Besides another message painted on the wall, there was a coil of rope, one end helpfully tied around a spike in the floor.  Godith lit a torch and Roark leaned out over the edge of the pit, surveying its contents.  The green slime had grown back to cover most of the floor, the shrieking mushrooms were silent, and hiding in one corner was the undead creature that lurked at the bottom.  It smiled.  After some debate, the company concluded that fire would likely solve at least one of their problems and retrieved from the mule 10 flasks of oil.  Roark dumped the oil on the slime and on tossed it on the mushrooms and tossed it in the general vicinity of the undead creature.  They used the “welcoming” rope as a wick and created a big fire.  While it burned, they retreated to the great hall.  They listened to the shrieking mushrooms and watched the black smoke.  When the shrieking it stopped, they planned an all-out assault.  They anchored their own rope well outside the room, and then charged in, Steele sliding down the rope into the pit while Arpad stood at the top calling up St. Bocrates to drive the unholy things back into the darkness.

They were not repelled.  As soon as the rope fell to the floor, two of the undead creatures leaped at it.  Steele evaded their skeletal claws and took a position in the middle of the room, making room for Angus to follow him.  Two more of the wights emerged from the shadows.  Roark shot silver arrows at their enemies and Lem flung silver pieces while the warriors engaged with their swords.  Arpad slid down the rope, brandishing the staff that had destroyed the zombie, and one of these undead creatures was similarly obliterated.

Here the tales of the survivors are unclear.  (No, not all survived.  But some did.)  Roark tossed a silver dagger to Steele the Paladin, but before the hero could reach, the terrible creature reached him.  And with a touch of its claw, Steele turned ashen white and fell in a heap.  Moments later, Angus was similarly slain.  Did Arpad destroy another of his assailants with the holy staff before he was killed?  Regardless, he was killed.  But as the wights began to drag away the bodies of the fallen heroes, those who had remained at the top of the pit shot them with more missiles.  And killed the undead horrors.  There is moral here, favoring guile over valor, but few in Hommelet are in a mood to hear it.

The bodies were retried from the pit.  And place on the mule.  And carried several miles away from the moathouse.  And buried in the forest.
entrance by Brayo
entrance, a photo by Brayo on Flickr.
It’s not the job of the living to take care of the dead so we should forgive them.  For in making their way back to Hommelet, hacking through the forest and driving their mule and its almost unbearable burden, they came upon a group of men in black cloaks, who were watching for their return along the main path.  The men had crossbows, but the company had magic.  At Lem’s command the undergrowth entangle the black-garbed men.  The men’s calls for help were silenced by Godith’s spell of magical slumber.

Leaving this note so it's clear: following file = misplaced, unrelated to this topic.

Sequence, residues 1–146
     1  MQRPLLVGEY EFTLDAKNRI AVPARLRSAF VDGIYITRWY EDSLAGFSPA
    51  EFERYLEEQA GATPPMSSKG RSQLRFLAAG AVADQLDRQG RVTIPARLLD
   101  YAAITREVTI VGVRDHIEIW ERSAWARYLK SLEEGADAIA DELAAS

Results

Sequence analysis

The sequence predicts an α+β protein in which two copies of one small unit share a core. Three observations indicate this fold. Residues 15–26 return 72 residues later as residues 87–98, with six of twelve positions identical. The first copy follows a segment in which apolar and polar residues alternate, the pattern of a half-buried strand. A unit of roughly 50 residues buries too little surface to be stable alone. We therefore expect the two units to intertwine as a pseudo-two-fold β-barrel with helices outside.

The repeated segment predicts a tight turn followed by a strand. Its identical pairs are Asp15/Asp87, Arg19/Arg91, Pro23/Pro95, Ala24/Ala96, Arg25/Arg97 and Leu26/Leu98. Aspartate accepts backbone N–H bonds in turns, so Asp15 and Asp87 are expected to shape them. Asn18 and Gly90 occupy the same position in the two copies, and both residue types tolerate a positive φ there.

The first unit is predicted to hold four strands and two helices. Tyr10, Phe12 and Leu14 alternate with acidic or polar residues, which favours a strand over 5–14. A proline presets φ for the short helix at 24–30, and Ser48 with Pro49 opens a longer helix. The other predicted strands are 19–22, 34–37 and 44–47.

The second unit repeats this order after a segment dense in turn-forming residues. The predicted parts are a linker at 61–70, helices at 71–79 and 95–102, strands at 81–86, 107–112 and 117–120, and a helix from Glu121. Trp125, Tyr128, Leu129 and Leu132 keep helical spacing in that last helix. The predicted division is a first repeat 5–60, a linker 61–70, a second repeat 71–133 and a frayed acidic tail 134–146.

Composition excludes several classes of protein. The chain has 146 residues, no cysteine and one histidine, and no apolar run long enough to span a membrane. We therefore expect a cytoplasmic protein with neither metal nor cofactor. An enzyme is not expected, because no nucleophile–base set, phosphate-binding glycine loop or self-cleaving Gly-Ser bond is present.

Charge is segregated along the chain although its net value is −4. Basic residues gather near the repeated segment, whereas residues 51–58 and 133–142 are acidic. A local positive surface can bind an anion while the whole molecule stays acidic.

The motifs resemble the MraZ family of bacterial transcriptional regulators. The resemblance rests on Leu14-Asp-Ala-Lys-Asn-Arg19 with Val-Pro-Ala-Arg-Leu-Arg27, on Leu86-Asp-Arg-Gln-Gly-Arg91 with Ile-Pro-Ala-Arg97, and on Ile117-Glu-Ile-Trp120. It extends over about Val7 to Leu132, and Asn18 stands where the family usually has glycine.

But not before they were heard by another group.  As the shots of these men were heard and their black cloaks were sighted through the thick screen of trees, Roark and Lem took off running.  But loyal Godith stayed with the mule, and the bodies of Steele and the other heroes.

As the blackguards reached their fallen comrades, they too were ensnared.  And Godith, patiently, slowly, drove the mule on her way.  She says she heard one of the men escape and come running after her.  She ducked into a hollow and allowed him to run past.

Godith rejoined Lem and Roark at the edge of the forest, at a place where they good see woodsmoke rising from the cooking fires of Hommelet. They buried the bodies.
The council listened to the survivors’ account of what happened.  And then explained that—it was in everyone’s best interest— the company should leave Hommelet.  Winter was coing and it was going to be a lean harvest.  They did not want to further aggravate forces of evil that seemed capable of fierce and terrible counter attacks.  And the Paladin was gone.
The council gave Caber the money that Angus had stored in the jeweler's bank.  They gave the frogs to Lem.  They offered a large sum for the holy staff.  They provided everyone with sausages and drinking water. 
“Stay in the tower tonight.  In the morning, you should be prepared to take your leave.”

Leaving Hommelet, the company saw the mammoth demon-pigs peacefully grazing in Squire Denton’s fields.